Viking Night: Starship Troopers

By Bruce Hall

May 24, 2011

This movie is gonna be...wait for it...legendary.

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What do you get when you combine an episode of Dawson’s Creek with interplanetary war, and then give the wheel to the guy who made RoboCop? You get Starship Troopers, that’s what. This means you get a movie very, very loosely based on the controversial novel of the same name by famed science fiction author Robert Heinlein. For this reason, most devotees of Mr. Heinlein despise the film version the way most people despise proctologists. Without a doubt, cheese-meister Paul Verhoeven’s adaptation merely appropriated one or two of the novel’s minor themes and used them for an entirely unrelated message. And it was a message he largely failed to deliver. The novel and its writer have a worldwide cult following, so to them, that level of artistic betrayal is unforgivable. Personally, I think the big screen translation stands up fairly well on its own merits, and oddly enough, this appears to be largely unintentional.

There’s often a wink and a nudge behind Verhoeven’s material, vaguely reminiscent of someone like Sam Raimi. The problem is that Verhoeven is half as talented, yet takes himself twice as seriously. The gulf between what his films aspire to be and what they actually achieve is usually considerable, but I have to admit I still consider myself a casual fan. Not everything he does hits the mark, but his work somehow demands to be loved despite itself. You forgive it the way you forgive someone in a cast for limping, or a dumb dog for barking at its own shadow. That kind of forgiveness is the very essence of love, and most people tend to really love Verhoeven’s work or they really don’t. For me, his films fall somewhere in between the “so bad it’s good” (Showgirls) and “too good to be bad” (RoboCop) categories. Where do I think Starship Troopers ranks? You can probably already tell, but this would be a bad place to end the article. So stay with me.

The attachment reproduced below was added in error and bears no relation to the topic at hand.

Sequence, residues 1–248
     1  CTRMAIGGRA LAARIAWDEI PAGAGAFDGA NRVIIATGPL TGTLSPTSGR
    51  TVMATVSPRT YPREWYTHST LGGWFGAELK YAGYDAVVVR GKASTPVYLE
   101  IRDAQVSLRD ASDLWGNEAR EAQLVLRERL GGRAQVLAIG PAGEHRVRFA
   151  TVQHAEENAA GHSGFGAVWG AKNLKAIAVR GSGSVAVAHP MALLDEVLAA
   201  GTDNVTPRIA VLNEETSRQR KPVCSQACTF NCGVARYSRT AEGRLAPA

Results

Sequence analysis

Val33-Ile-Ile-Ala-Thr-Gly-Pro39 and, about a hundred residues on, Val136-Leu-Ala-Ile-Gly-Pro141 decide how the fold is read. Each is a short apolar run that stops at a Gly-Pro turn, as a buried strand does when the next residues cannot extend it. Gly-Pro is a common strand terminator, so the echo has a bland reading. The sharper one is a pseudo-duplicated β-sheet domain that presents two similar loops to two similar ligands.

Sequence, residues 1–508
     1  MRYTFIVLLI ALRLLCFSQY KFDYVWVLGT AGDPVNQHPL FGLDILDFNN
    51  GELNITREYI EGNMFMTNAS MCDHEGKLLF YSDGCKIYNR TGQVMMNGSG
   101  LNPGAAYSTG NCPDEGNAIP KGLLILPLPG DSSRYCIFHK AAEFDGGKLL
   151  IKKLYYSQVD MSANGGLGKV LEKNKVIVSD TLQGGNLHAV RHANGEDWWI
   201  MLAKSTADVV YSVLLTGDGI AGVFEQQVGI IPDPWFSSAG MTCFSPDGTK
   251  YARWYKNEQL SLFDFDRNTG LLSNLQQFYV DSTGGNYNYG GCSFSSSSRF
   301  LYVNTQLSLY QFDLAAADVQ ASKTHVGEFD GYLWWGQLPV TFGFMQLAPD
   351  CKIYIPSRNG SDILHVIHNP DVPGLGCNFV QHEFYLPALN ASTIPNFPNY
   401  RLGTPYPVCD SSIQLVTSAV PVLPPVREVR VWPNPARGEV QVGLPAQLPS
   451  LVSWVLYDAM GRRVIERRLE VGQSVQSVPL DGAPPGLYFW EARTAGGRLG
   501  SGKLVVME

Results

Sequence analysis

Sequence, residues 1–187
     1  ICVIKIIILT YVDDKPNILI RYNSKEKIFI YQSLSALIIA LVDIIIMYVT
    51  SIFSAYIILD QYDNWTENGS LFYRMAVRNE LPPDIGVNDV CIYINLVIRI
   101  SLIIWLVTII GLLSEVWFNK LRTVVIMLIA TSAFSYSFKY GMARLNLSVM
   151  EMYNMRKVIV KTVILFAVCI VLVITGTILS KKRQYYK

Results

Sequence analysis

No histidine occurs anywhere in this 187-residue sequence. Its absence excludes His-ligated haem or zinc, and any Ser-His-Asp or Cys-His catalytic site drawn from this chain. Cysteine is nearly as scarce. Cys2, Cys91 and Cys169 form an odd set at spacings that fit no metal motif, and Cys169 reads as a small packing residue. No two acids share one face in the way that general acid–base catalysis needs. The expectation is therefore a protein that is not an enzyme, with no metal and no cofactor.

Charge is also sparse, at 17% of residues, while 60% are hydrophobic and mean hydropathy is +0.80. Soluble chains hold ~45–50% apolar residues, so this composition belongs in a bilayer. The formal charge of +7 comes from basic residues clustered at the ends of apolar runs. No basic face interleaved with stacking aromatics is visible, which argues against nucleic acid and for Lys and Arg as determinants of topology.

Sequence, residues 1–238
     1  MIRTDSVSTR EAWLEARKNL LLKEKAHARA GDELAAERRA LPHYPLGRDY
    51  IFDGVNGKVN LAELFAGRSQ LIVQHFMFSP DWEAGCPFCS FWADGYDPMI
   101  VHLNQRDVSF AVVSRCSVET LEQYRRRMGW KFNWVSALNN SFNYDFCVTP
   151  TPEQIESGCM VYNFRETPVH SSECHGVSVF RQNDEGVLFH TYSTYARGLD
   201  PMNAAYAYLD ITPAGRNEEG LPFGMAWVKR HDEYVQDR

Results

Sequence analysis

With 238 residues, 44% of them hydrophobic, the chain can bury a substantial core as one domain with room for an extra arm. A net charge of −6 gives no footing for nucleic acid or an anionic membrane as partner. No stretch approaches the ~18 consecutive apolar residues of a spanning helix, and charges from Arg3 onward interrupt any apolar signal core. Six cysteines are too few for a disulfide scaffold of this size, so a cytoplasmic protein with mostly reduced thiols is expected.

Johnny Rico (Casper Van Dien) is a conflicted young man; a resident of Buenos Aires, Argentina - which in this movie is populated entirely by ridiculously good looking Americans. Rico is at a crossroads; it’s time to go to college and his parents see him as a Harvard man, but Johnny’s not so sure. He’s got the wanderlust of a typical 18-year-old and he wants to join the military - see the galaxy, as they say. And what a galaxy it is - Western democracy has collapsed and been replaced by a completely hilarious form of fascism. There are two kinds of people in this regime - Citizens, who have the right to vote, hold office and bear children, and Civilians, who do not. For a Civilian to become a Citizen, he must swear two years of service to the Government, which usually includes an unbelievably hazardous military tour. This is more or less because humanity is waging galactic war with a disgusting race of insect like aliens, and the Government needs “fresh meat for the grinder”. Young men and women, eager to make a difference, sign up for service and quickly find themselves unprepared for the horror and senselessness of war.

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